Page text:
Why does this study matter?
Major advances in medical technology - paired with changes in Medicare reimbursement policy - have led to rapid growth in outpatient surgery. While many of these advances are beneficial for healthcare organizations and patients, there are challenges in that there is still very little research focused on how the design of ambulatory surgery centers affects nursing work or the critical interactions between staff, patients, and families. And there is even less research that helps us understand these issues from the nurse’s perspective.
How was the study done?
In this study, researchers explored the relationship between the physical environment in pre-op and post-op areas of two ambulatory surgery centers (one built in 1990; one built in 2000). The team took a multimethod approach, using behavior mapping, shadowing, spatial analysis, and semi-structured interviews with staff. They focused on the interactions among staff, patients, and their families, and on how the spatial layout and configuration affected the integration of new technology, especially electronic medical records (EMRs).
So what do we learn from the study?
The most common nurse activity observed was face-to-face communication, which included nurses listening and talking with each other, with patients, and with family members. Face-to-face communication was seen in one-third to nearly one-half of all observations.
Another major finding in this study is a distinct ebb and flow of activities and space usage, which leaves the post-op areas underutilized during the morning and the pre-op areas underutilized in the afternoon. The authors of this study suggest that locating the pre-op and post-op areas in close proximity could enable more flexibility in the use of bays during off-peak times.
Regarding technology integration, the majority of time spent by nurses in direct patient care involved charting by the bedside, seen in nearly half of the observations at site 1 and one-third of the observations at the newer site. The findings include several points about the difficulty in integrating workstations on wheels (WoWs) into spaces that were not originally designed to support computerized charting. Despite the potential ergonomic advantage these WoWs offer in height adjustment and portability, the space constraints and nature of nurses’ work did not allow for nurses to sit while charting, and nurses shared their frustration in finding and reaching power outlets to plug the stations in.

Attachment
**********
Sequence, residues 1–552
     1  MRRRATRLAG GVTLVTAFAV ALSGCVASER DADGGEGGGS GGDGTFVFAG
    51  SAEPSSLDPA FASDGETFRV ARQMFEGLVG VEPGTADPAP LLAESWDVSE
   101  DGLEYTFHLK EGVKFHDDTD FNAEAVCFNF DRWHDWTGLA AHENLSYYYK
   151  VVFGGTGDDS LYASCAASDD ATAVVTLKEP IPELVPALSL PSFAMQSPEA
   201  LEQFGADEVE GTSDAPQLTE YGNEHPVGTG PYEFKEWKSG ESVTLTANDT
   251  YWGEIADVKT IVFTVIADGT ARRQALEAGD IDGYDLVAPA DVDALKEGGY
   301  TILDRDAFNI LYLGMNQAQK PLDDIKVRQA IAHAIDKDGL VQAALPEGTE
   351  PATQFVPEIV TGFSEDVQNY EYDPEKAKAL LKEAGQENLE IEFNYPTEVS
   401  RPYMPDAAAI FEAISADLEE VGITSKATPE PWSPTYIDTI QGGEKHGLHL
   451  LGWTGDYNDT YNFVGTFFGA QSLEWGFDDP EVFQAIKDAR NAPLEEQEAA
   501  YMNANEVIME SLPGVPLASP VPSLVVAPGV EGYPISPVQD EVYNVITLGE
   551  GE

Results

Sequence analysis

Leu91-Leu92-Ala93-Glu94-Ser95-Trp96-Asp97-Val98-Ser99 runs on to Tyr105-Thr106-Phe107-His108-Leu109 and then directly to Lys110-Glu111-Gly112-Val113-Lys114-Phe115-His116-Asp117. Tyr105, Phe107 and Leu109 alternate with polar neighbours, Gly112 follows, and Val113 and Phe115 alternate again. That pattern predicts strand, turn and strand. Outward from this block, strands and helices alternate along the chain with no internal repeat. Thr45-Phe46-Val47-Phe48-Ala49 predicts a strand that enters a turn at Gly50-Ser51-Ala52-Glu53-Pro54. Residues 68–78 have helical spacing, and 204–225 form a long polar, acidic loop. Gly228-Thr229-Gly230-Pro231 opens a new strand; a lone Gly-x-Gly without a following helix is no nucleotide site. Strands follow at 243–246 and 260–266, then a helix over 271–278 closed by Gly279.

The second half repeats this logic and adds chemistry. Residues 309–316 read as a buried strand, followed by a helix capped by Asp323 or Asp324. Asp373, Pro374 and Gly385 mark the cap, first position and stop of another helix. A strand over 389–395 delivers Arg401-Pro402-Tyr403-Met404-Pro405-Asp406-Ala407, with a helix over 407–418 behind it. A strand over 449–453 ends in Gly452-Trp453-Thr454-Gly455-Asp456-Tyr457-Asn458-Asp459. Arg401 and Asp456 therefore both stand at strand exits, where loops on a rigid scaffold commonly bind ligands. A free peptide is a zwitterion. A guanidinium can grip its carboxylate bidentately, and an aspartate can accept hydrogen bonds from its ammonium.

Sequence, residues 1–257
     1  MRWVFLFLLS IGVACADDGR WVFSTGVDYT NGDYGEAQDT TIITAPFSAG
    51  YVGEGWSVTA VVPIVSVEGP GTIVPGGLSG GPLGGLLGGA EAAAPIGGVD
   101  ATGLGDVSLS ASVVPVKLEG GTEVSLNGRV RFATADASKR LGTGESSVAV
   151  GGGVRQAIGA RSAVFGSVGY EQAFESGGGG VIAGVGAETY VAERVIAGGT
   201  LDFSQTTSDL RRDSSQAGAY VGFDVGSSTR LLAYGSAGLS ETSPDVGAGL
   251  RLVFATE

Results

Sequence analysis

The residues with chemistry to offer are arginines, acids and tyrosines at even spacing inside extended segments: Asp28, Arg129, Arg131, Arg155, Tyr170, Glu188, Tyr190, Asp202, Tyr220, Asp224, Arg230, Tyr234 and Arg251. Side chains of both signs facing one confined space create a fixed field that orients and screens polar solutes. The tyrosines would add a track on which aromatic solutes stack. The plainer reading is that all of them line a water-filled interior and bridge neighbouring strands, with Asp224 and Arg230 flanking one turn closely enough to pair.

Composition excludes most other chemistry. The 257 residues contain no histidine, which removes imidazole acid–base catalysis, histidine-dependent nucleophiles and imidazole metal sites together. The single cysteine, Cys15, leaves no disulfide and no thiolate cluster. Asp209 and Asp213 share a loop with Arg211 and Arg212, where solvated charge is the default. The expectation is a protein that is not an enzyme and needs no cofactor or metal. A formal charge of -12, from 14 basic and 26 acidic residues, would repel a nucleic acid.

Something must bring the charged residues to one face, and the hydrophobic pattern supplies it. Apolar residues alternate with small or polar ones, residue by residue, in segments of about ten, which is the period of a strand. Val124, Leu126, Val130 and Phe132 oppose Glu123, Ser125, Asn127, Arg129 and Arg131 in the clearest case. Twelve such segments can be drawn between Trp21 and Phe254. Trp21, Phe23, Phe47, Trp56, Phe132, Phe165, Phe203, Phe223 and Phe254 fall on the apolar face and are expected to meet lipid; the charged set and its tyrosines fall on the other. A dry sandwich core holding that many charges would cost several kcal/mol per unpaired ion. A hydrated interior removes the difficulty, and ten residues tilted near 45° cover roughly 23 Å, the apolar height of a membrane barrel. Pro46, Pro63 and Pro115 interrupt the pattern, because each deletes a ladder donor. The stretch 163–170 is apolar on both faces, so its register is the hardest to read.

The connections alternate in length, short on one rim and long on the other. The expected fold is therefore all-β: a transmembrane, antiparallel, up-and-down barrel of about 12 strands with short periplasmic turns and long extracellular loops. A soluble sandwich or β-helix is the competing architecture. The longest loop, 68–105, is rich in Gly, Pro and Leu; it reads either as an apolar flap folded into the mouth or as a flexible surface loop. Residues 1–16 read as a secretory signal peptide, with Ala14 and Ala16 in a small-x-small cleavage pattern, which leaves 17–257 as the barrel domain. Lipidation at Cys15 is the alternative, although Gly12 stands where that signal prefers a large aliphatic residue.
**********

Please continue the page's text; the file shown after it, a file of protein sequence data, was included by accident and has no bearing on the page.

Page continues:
Can we say the results are definitive?
This study included only two sites, both of which were part of the same healthcare organization. Additional research will be required to tell if these findings can be generalized to other facilities. Additionally, while this study aimed to clarify the role of technology in the relationship between design and nurse work, the study took place only two weeks after the organizations had transitioned to electronic records, and staff was likely still getting used to the new process. A good rule of thumb is to wait at least six to 12 months after integrating a new system in order to understand the impact.
What’s the takeaway?
This study highlights the vital importance of a systems view to understanding the healthcare environment. Architects and interior designers should consider the complexities at play to support the critical tasks and interactions, the range of activities, people, technologies, processes, and culture in a healthcare setting. Taking a close look at the results, design teams may see opportunities to support better workflow through innovative design, including ways to locate pre-op and post-op areas to increase efficient use of the space at all times, not just at peak times.
Joseph, A., D. Wingler, and Z. Zamani. “Balancing the Human Touch with the Need for Integrating Technology in Ambulatory Surgical Environments: Barriers and Facilitators to Nursing Work and Care Team Interactions.” Journal of Interior Design, 42(1), 39–65. https://doi.org/10.1111/joid.12089
Our slidecasts are an outcome of the popular Research Matters presentations at the annual Healthcare Design Expo & Conference. Our research team picks papers that have some significance to the healthcare design community and distill the study down into a 5-minute summary of how the study was done, what was learned, the limitations and the takeaway. The slidecasts bring research to you in digestible format. Just five minutes, and you’ll know more.